Gandhari: The Blindfolded Devotee

Gandhari: The Blindfolded Devotee

The Mahabharata, one of the world’s oldest and longest epic tales, is replete with intriguing characters who shape the course of destiny. Among them stands Gandhari, a woman of remarkable virtue and strength. Gandhari’s life unfolds as a tapestry of piety, devotion, and sacrifice, casting her as a central figure in this timeless saga.


Early Life and Marriage

Gandhari, born to Subala and Sudharmaa, rulers of Gandhara, was renowned for her piety and virtuous nature from a young age. Legends surround her attainment of a boon to bear a hundred children, setting the stage for her pivotal role in the Mahabharata. Her marriage to Dhritarashtra, the blind prince of the Kuru kingdom, was arranged by Bhishma, a significant event that led to the epic’s central conflict.

The Act of Blindfolding

Dhritarashtra and Gandhari

Gandhari’s unique act of blindfolding herself to emulate her husband’s blindness has been a subject of interpretation. While some see it as an act of love and dedication, others argue it was a protest against Bhishma and the Kuru dynasty. This symbolic gesture becomes a cornerstone of her character, symbolizing her unwavering commitment to her husband.

Pregnancy and the Birth of Her Children

Gandhari’s extraordinary pregnancy, carrying her children for an unusually long two years, leads to the birth of a hundred sons and a daughter, Dushala. Her jealousy of Kunti, who had given birth to the Pandavas, adds a layer of complexity to her character. Veda Vyasa, the sage who granted her the boon, plays a crucial role in this miraculous birth.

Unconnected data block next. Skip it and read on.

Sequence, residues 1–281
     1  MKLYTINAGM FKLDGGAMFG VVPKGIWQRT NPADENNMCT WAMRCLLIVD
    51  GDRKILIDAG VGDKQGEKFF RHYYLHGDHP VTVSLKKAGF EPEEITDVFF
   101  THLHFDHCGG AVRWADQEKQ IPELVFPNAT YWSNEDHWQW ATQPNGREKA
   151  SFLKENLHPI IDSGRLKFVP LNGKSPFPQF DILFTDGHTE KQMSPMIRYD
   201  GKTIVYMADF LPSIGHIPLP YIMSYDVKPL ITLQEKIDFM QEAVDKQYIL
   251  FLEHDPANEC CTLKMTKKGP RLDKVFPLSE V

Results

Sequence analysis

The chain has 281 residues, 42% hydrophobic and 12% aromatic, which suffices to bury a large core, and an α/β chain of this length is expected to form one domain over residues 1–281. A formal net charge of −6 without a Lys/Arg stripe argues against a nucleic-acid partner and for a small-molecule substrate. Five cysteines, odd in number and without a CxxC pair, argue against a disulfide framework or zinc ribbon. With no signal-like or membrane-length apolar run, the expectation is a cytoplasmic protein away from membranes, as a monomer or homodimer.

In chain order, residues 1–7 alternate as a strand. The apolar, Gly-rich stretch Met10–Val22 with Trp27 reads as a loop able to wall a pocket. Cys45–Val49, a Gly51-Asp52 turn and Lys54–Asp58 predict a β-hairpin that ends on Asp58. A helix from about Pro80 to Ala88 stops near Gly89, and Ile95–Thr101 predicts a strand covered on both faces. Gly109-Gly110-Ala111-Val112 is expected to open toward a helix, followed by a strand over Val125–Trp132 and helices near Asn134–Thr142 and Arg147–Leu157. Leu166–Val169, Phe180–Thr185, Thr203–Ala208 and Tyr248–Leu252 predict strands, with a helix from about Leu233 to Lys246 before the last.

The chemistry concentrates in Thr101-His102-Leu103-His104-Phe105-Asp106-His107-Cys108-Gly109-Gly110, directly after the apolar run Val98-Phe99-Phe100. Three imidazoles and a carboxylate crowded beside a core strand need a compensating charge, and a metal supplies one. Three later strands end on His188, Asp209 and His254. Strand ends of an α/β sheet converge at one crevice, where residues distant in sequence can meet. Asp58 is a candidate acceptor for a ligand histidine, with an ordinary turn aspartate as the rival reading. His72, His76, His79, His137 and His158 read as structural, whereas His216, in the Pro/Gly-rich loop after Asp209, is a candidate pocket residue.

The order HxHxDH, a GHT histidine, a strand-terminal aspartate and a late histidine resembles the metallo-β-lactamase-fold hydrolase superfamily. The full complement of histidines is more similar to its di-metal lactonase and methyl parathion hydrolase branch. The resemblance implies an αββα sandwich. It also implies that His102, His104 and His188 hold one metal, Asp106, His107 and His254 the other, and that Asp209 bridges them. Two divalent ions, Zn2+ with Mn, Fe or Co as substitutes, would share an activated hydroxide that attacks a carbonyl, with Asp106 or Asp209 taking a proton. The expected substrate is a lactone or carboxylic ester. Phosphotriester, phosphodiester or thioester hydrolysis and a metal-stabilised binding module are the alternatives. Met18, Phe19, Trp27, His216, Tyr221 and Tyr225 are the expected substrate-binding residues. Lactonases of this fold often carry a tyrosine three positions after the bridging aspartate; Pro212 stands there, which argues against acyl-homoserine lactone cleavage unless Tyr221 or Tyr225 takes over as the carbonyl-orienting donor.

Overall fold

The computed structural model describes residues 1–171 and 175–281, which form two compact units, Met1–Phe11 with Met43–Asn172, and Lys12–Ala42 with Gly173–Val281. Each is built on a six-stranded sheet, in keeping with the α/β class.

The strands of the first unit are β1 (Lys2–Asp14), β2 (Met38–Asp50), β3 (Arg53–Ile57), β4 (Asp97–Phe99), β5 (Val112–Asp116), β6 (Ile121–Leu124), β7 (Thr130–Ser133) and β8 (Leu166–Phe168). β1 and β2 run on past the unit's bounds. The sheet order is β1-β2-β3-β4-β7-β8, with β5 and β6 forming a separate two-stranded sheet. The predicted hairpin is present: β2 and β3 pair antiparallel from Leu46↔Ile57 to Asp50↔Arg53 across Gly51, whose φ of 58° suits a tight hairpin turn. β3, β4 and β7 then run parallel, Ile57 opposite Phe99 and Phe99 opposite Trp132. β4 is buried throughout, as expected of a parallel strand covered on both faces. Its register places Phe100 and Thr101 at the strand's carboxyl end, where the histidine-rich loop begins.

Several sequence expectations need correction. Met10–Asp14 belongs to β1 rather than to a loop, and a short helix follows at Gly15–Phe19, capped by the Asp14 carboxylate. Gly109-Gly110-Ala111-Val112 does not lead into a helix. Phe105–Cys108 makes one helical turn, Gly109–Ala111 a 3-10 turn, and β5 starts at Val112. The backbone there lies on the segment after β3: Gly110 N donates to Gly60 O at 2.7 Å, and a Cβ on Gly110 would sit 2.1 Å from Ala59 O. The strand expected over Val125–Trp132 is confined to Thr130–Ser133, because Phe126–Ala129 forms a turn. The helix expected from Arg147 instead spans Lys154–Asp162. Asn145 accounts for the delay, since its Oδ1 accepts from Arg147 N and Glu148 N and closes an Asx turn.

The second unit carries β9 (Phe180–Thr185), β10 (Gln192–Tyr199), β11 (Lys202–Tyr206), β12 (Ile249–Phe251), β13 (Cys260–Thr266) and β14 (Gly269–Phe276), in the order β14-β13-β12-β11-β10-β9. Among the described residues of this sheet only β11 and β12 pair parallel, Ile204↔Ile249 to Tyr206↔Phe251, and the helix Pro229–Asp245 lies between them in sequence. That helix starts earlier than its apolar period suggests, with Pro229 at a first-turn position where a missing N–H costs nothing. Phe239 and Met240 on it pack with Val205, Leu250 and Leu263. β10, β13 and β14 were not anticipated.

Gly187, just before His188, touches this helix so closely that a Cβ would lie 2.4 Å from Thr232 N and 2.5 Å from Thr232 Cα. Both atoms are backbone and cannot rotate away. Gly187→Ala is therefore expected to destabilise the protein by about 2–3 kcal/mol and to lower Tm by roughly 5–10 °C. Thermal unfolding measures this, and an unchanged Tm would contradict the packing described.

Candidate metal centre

The Tragic Fate of Her Sons

Gandhari’s role as a mother becomes central as she raises her hundred sons, the Kauravas. Her love for her firstborn, Duryodhana, is particularly profound, and she even makes a single exception to her blindfolded state to empower him. However, the Mahabharata foretells the tragic fate of her sons in the war against the Pandavas, which ultimately leads to their demise.

Gandhari’s Curses

Gandhari’s curse upon Krishna

After the Mahabharata War, Gandhari’s curses hold significant consequences. Her curse upon Krishna, resulting in the Yadavas’ destruction, showcases the enduring impact of her actions. Her wrath, even directed at Yudhishthira‘s toe, reflects the depth of her emotions and beliefs.

Later Life and Death

Gandhari’s journey continues as she, along with her husband Dhritarashtra, Vidura, and Kunti, leaves Hastinapur to seek penance in the Himalayas. Her ultimate attainment of moksha, or liberation, in a forest fire brings her story full circle, underscoring her spiritual journey’s significance.

Portrayal in the Mahabharata

Throughout the epic, Gandhari is depicted as a woman of high moral standards. Her constant exhortations to her sons to follow dharma and seek peace with the Pandavas reveal her unwavering commitment to righteousness. Despite her love for Duryodhana, she remains steadfast in her belief in righteousness.


Gandhari’s legacy endures through the ages. Temples like the Gandhari temple in India honor her devotion and loyalty. Her character has inspired literary works, such as Rabindranath Tagore’s “Gandharir Abedon” and Aditi Banerjee’s novel “The Curse of Gandhari,” which offer fresh perspectives on her role in the Mahabharata.

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